On December 26, FinCEN issued Notice 2012-2 to extend the deadline for certain filers to submit the Report of Foreign Bank and Financial Accounts (FBAR). FinCEN has extended this deadline several times in the past and the notice explains that FinCEN continues to receive questions from filers that require additional consideration. Pursuant to the notice, individuals previously granted extensions under FinCEN Notices 2011-1 and 2011-2, have until June 30, 2014 to comply.
U.S. Law Enforcement Authorities and Regulators Resolve Significant Money Laundering and Sanctions Investigations
On December 11, a major international bank holding company announced agreements with U.S. law enforcement authorities and federal bank regulators to end investigations into alleged inadequate compliance with anti-money laundering and sanctions laws by the holding company and its U.S. subsidiaries (collectively the banks). Under these agreements, the banks will make payments totaling $1.92 billion, will continue to cooperate fully with regulatory and law enforcement authorities, and will take further action to strengthen its compliance policies and procedures. As part of the resolution, the bank entered into a deferred prosecution agreement (DPA) with the DOJ pursuant to which the banks will forfeit $1.256 billion, $375 million of which satisfies a settlement with the Office of Foreign Assets Control (OFAC). The four-count criminal information filed in conjunction with the DPA charges that the banks violated the Bank Secrecy Act by failing to maintain an effective anti-money laundering program and to conduct appropriate due diligence on its foreign correspondent account holders. The DOJ also alleged that the banks violated the International Emergency Economic Powers Act and the Trading with the Enemy Act by illegally conducting transactions on behalf of customers in certain countries that were subject to sanctions enforced by OFAC. The banks agreed to pay a single $500 million civil penalty to satisfy separate assessments by the OCC and FinCEN related to the same alleged conduct, as well as a $165 million penalty to the Federal Reserve Board. The banks already have undertaken numerous voluntary remedial actions, including to (i) substantially increase AML compliance spending and staffing, (ii) revamp their Know Your Customer program, (iii) exit 109 correspondent relationships for risk reasons, and (iv) claw back bonuses for a number of senior officers. Read more…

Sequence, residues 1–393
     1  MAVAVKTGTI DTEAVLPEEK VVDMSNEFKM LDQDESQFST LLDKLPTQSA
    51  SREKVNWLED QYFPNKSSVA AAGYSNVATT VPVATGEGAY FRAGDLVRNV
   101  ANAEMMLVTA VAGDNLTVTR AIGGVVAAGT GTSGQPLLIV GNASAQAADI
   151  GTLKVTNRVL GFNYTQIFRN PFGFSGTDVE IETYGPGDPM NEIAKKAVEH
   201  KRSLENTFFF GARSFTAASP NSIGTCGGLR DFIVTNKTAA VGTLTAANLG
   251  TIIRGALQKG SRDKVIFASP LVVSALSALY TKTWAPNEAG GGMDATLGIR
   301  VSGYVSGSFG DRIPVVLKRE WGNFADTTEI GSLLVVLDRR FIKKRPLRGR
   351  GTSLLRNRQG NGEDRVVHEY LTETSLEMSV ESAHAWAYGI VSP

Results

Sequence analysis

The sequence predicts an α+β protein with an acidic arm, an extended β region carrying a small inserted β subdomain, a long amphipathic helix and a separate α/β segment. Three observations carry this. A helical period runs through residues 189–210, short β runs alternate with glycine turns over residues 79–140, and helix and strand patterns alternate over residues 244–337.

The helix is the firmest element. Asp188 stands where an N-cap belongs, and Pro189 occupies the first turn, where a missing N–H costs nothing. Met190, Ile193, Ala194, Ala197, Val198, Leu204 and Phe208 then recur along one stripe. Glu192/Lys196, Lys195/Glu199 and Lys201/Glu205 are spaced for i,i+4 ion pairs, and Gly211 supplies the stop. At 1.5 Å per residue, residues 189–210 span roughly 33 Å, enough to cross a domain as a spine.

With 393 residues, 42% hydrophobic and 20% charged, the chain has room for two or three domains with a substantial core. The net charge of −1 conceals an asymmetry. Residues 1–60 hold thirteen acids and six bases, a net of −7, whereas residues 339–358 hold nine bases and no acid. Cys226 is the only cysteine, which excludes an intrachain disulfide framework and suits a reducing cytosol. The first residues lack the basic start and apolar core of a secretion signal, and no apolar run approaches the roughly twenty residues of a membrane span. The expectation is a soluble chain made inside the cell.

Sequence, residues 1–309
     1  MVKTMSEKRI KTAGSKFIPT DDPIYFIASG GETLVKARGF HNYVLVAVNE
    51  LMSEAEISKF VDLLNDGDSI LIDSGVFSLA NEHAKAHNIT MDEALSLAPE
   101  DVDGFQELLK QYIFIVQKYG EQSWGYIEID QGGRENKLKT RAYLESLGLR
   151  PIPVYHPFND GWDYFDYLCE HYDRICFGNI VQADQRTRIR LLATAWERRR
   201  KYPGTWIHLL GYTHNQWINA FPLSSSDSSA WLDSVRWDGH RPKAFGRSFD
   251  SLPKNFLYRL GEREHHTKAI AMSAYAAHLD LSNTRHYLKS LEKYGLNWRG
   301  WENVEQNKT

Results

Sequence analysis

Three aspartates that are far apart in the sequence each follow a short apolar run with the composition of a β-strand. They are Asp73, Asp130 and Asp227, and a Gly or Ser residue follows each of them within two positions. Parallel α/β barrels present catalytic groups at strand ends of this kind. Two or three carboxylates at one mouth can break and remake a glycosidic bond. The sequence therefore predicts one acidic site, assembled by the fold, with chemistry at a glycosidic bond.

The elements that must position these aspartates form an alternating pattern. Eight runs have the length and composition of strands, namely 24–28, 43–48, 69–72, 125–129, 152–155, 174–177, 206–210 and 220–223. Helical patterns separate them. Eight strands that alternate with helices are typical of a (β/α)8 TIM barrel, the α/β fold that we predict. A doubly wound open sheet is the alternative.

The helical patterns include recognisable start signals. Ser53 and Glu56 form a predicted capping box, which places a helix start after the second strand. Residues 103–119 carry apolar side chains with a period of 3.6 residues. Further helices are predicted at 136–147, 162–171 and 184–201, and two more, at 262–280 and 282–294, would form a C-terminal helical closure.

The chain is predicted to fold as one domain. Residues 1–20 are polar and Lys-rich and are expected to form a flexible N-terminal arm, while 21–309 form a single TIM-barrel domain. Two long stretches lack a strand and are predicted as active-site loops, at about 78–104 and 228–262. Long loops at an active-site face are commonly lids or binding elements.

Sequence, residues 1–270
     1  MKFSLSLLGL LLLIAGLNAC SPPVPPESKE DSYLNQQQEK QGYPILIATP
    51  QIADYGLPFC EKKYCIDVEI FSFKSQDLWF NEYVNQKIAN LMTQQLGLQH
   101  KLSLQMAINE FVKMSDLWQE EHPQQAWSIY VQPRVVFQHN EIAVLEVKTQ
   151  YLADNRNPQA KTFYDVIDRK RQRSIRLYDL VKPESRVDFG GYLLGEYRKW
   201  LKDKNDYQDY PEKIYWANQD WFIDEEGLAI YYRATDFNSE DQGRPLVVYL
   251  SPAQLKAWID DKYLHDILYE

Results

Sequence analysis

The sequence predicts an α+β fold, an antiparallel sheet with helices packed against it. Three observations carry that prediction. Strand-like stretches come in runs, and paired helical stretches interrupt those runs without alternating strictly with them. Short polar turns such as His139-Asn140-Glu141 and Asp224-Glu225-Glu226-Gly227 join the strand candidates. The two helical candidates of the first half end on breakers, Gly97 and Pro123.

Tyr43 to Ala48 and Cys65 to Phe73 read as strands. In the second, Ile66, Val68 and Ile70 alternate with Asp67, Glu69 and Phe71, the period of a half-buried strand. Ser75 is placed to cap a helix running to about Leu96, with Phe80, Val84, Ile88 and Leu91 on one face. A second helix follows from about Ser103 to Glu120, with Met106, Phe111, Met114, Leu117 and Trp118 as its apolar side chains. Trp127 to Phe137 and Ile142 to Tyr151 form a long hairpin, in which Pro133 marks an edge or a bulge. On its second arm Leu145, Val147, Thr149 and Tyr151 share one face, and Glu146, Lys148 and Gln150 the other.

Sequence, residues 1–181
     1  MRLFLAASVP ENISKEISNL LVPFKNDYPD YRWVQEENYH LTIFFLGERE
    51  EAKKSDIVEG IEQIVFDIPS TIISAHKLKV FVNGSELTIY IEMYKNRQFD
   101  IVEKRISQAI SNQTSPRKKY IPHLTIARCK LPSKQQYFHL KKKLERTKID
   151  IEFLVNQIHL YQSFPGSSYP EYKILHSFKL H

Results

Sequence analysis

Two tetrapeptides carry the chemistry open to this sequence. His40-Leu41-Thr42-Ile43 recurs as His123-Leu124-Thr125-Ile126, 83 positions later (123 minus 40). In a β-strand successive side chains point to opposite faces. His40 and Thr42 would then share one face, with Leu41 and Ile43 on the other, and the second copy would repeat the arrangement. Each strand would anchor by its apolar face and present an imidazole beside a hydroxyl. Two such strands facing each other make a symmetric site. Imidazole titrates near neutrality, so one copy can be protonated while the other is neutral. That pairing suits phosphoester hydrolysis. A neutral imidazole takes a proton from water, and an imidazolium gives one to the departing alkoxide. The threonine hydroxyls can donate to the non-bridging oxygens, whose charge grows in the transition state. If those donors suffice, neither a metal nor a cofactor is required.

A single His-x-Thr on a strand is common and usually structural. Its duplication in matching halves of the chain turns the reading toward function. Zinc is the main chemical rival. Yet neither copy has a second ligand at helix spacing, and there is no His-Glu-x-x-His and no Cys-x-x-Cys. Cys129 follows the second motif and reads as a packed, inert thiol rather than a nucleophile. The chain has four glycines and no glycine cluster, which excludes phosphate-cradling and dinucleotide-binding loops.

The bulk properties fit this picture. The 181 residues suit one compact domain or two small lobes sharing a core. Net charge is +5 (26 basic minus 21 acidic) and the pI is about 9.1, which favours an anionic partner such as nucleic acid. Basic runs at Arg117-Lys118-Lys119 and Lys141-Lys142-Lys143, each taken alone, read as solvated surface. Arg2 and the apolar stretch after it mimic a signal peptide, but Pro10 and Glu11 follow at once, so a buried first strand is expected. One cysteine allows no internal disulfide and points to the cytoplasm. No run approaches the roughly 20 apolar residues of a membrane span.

FinCEN Issues Advisories Regarding Anti-Money Laundering and Counter-Terrorist Financing Risks Identified by FATF
Recently, FinCEN published Advisory FIN-2012-A012, which informs financial institutions operating in the United States about certain money laundering and terrorist financing risks identified by the intergovernmental Financial Action Task Force (FATF). On October 19, 2012, the FATF called on its members to apply counter-measures to protect the international financial system from the on-going and substantial money laundering and terrorist financing risks emanating from Iran and the Democratic People’s Republic of Korea. The FATF announcement also detailed anti-money laundering and counter-terrorist financing deficiencies in 17 jurisdictions that have not made sufficient progress in addressing the deficiencies or have not committed to an action plan to address the deficiencies. The FATF called for enhanced due diligence to address risks arising from the deficiencies associated with each jurisdiction. FinCEN separately published Advisory FIN-2012-A011 to advise institutions of an FATF statement regarding 22 jurisdictions with strategic deficiencies in their anti-money laundering and counter-terrorist financing, but for which each jurisdiction has provided a high-level political commitment to address the strategic AML/CFT deficiencies.
This week, FinCEN published summaries of a series of roundtable meetings held to obtain stakeholder feedback on the agency’s proposed rulemaking on customer due diligence. The meetings, held in September and October in Los Angeles, New York, and Chicago, provided a forum to discuss key issues regarding the proposed rulemaking, including (i) the definition of “beneficial ownership,” (ii) practices to obtain and verify beneficial ownership, and (iii) challenges associated with specific products, services, and relationships.
On November 29, FinCEN and the Federal Reserve Board announced that they are seeking comments on a proposed rule to amend the definitions of “funds transfer” and “transmittal of funds” set forth in the regulations implementing the Bank Secrecy Act. The proposed rule explains that the changes are designed to ensure that the current scope of the definitions is not expanded, following recent related amendments to the Electronic Fund Transfer Act. Comments on the proposed rule are due by January 25, 2013.